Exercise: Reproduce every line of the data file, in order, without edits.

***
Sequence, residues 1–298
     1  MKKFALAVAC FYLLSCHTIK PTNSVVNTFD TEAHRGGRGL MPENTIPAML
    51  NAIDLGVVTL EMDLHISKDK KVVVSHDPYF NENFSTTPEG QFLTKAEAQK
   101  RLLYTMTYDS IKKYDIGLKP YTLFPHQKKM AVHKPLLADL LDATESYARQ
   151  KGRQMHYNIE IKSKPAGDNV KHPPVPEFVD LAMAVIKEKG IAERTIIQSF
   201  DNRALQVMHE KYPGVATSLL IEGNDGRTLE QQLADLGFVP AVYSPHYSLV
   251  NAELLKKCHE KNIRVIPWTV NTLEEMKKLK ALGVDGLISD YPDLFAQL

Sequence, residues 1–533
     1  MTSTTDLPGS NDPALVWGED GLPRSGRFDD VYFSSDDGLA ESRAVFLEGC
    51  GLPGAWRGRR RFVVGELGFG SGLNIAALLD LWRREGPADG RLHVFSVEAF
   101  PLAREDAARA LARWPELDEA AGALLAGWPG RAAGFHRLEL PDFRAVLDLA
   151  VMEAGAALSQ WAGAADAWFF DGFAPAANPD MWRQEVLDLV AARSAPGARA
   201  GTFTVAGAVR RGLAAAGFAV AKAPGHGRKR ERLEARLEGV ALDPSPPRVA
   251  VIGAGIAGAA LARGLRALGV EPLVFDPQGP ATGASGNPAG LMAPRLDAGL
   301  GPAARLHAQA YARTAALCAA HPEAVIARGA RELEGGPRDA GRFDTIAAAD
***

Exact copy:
Sequence, residues 1–298
     1  MKKFALAVAC FYLLSCHTIK PTNSVVNTFD TEAHRGGRGL MPENTIPAML
    51  NAIDLGVVTL EMDLHISKDK KVVVSHDPYF NENFSTTPEG QFLTKAEAQK
   101  RLLYTMTYDS IKKYDIGLKP YTLFPHQKKM AVHKPLLADL LDATESYARQ
   151  KGRQMHYNIE IKSKPAGDNV KHPPVPEFVD LAMAVIKEKG IAERTIIQSF
   201  DNRALQVMHE KYPGVATSLL IEGNDGRTLE QQLADLGFVP AVYSPHYSLV
   251  NAELLKKCHE KNIRVIPWTV NTLEEMKKLK ALGVDGLISD YPDLFAQL

Sequence, residues 1–533
     1  MTSTTDLPGS NDPALVWGED GLPRSGRFDD VYFSSDDGLA ESRAVFLEGC
    51  GLPGAWRGRR RFVVGELGFG SGLNIAALLD LWRREGPADG RLHVFSVEAF
   101  PLAREDAARA LARWPELDEA AGALLAGWPG RAAGFHRLEL PDFRAVLDLA
   151  VMEAGAALSQ WAGAADAWFF DGFAPAANPD MWRQEVLDLV AARSAPGARA
   201  GTFTVAGAVR RGLAAAGFAV AKAPGHGRKR ERLEARLEGV ALDPSPPRVA
   251  VIGAGIAGAA LARGLRALGV EPLVFDPQGP ATGASGNPAG LMAPRLDAGL
   301  GPAARLHAQA YARTAALCAA HPEAVIARGA RELEGGPRDA GRFDTIAAAD